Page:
Teachers of the Turkish teachers’ union Eğitim Sen in Adiyaman declared that at their schools, hundreds of children at school age, do not attend school during surely 3 months, sometimes up

to 6 months, of the school year and by consequence, they experience a disadvantage.

This disadvantage cannot be caught up, not even when another school is being visited in

the working region, because of the difference in methodology and lessons.

Moreover, the families are often not staying at the same place for more than one month.

This makes it difficult to run in at local schools.

 

Turkish Government

 

The messages in Western Europe on the bad living and housing conditions of the migrant workers in Turkey surely had results. The Turkish Government is aware of the problem and also acknowledged it. The Government composed a plan in order to improve the situation in the camps. At several locations, they have placed fences in order to create a more sheltered camping spot

and they also put money in some facilities. Now there are taps with clean drinking water, sanitary facilities and recreation spaces. However, at the places we visited, the water supply for the toilets and showers did not function.

 

 

Moreover, the number is not sufficient for the large amount of workers who are staying at the encampments. Nevertheless, these sheltered facilities are being respected by the occupants. Dialogues with (possible) occupants concerning the equipment and the maintenance

of the encampments seems to be totally lacking. The occupants feel hardly responsible for the facilities offered to them. They did not have their say in it. There are no activities focused on children.

 

At national level, the all-important central authority in Turkey, a state commission (METIB)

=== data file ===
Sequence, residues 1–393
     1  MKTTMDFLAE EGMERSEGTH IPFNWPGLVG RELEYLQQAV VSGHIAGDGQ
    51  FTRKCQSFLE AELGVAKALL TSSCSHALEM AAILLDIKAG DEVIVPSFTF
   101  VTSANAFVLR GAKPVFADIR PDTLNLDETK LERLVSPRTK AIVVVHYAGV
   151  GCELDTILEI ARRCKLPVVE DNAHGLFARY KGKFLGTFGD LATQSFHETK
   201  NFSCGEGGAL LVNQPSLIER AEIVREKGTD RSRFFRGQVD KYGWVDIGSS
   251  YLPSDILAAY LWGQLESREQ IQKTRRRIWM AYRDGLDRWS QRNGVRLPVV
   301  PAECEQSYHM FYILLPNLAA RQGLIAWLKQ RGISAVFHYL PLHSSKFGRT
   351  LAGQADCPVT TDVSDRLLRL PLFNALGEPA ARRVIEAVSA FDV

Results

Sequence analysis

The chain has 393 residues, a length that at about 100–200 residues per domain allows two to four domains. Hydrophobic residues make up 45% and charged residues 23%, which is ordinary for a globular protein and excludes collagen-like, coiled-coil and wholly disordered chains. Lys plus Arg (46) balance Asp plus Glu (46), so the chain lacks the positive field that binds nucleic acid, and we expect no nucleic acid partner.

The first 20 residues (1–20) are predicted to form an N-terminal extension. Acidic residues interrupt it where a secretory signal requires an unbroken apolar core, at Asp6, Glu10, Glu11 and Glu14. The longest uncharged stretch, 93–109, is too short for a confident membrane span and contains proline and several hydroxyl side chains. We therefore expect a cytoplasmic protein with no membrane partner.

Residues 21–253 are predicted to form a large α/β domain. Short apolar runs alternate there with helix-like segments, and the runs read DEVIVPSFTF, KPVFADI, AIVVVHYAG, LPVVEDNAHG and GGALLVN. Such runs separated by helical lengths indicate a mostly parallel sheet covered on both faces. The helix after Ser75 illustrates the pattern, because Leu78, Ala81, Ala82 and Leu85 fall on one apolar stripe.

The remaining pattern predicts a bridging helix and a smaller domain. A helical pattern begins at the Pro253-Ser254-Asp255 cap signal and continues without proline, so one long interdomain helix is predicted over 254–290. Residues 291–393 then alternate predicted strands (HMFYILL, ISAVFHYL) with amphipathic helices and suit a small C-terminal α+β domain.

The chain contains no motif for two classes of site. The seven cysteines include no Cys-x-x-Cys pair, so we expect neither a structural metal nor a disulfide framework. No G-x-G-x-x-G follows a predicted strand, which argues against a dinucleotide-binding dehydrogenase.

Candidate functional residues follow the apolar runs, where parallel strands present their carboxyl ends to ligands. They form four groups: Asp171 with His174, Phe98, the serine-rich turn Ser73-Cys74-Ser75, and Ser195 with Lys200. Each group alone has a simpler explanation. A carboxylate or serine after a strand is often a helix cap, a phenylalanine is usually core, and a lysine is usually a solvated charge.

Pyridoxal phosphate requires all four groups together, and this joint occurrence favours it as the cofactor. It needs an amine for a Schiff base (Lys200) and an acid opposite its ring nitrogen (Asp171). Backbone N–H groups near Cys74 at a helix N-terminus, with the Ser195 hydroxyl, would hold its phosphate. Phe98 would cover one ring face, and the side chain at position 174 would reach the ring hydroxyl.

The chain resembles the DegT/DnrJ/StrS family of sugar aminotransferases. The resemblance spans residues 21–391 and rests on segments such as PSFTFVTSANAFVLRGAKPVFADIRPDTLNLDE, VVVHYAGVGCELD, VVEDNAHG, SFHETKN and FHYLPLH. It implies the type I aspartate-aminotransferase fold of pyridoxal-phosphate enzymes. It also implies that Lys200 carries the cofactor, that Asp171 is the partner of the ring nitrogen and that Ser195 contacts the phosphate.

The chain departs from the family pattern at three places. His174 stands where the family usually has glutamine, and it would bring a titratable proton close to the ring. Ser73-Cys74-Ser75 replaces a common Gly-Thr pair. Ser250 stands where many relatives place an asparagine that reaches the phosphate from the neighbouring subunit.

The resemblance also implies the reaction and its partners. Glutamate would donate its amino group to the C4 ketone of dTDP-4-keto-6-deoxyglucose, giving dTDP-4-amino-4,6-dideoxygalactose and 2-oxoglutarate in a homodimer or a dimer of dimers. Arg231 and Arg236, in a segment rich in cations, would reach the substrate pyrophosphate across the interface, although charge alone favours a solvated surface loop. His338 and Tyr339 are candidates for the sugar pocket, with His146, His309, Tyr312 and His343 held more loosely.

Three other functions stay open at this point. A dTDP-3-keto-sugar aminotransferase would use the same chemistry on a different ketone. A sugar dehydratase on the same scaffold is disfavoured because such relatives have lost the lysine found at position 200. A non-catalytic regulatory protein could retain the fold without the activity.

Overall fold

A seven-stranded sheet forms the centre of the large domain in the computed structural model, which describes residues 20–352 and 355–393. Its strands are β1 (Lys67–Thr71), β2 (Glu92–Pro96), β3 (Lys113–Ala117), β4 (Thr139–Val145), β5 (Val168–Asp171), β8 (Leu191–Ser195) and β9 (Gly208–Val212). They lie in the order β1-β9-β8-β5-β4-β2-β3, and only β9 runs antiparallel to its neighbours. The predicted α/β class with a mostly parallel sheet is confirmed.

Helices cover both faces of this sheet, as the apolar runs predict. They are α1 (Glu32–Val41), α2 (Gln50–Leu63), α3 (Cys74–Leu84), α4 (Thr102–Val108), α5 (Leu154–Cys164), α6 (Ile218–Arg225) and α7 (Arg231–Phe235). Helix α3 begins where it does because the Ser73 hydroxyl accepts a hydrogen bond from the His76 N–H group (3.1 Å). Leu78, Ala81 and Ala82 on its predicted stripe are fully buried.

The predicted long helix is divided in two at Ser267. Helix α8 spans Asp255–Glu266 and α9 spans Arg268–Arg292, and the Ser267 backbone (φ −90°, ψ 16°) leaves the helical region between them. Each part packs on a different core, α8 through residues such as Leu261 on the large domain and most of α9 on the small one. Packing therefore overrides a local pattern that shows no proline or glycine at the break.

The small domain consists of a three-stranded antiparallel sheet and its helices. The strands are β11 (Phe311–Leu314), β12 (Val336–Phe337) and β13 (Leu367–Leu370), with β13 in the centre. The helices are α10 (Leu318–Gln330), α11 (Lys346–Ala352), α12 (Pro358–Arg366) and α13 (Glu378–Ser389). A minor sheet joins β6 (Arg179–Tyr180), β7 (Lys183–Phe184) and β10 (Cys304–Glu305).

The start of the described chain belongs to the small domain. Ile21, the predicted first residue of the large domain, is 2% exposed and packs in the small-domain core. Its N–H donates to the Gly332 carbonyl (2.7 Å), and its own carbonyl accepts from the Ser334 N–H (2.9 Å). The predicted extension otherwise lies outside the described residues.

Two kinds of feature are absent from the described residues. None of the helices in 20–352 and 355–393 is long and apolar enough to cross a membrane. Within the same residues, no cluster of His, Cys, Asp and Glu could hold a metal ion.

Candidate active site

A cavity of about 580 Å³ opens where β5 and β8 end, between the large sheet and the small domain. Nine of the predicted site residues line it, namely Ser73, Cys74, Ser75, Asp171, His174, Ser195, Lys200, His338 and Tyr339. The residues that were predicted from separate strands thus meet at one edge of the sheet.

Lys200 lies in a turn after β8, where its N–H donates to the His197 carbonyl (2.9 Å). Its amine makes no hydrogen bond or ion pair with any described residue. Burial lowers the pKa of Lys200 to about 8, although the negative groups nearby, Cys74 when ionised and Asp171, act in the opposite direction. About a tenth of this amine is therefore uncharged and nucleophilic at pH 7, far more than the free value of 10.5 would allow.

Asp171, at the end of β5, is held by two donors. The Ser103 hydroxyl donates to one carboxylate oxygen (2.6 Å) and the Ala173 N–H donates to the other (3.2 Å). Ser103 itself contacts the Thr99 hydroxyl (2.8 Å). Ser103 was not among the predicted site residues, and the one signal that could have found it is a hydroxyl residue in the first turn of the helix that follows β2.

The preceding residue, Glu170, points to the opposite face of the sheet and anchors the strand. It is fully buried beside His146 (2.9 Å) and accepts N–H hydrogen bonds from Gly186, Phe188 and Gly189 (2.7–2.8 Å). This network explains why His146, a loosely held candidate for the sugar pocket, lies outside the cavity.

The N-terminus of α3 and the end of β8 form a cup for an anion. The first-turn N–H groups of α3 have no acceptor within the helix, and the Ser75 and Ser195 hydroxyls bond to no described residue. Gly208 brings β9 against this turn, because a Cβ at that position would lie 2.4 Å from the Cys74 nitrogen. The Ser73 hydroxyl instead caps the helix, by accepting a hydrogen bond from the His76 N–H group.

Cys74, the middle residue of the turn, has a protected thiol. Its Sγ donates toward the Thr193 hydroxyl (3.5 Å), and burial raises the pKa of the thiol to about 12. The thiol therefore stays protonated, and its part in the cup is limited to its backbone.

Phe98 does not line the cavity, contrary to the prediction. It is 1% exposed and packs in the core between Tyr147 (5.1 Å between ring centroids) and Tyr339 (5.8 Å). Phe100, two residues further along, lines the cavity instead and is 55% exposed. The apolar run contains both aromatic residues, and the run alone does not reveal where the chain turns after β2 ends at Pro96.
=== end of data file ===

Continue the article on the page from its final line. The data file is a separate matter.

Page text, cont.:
has been set up in order to investigate the issue of child labour in the seasonal migration.

The regional supervising bodies for seasonal work, the SMFW’s, have set up policies which

have to be elaborated in the regions.

But even a correct statistic view of the volume of the internal migration in Turkey is lacking.

The responsible authority hereto, the ISCWR, does not succeed in composing a reliable overview.

 

A trade union for farm workers does not exist in Turkey. We did not hear about an interest organization for migrant workers. There was an association of subcontractors (Mevsimlik Tarim Isceleri) claiming to be defending the interests of the workers. The workers themselves were however not represented in this association. We got the feeling that the subcontractors did above all defend their own interests, which are, in our opinion, rather conflicting with the interests of the workers. The workers are kept totally dependent of the subcontractors and are forced to cede

8 to 10% of their already low wage to the subcontractor.

 

Within the established trade unionism knowledge hardly exists, let alone involvement, of the seasonal migrants and the related child labour.

Only one progressive trade union, as for the petrochemical industry in the southern province of Adiyaman (Petrol Is), feels responsible to play a role in the issue of child labour in the migrant families.

 

At longer term, only a strong economic development of the southern regions offers a real solution for the Kurdish seasonal workers. In the province of Şanliurfa, at the border with Syria, $22 millions were invested in a weir project, which has to bring up a whole region to (agricultural) development with matching irrigation systems. It is expected that more labour will then be reserved for the inhabitants of the region and that less families will see themselves forced to look for seasonal work in other Turkish regions.

 

 

 

 

 

 

 

 

Conclusions

 

1. There is no doubt that child labour is a common practice while harvesting (among other)

hazelnuts. This causes a considerable amount of non-attendance at school.

Not only by the children who are working, but also by the younger children who are travelling

with their parents and by consequence can also not attend school.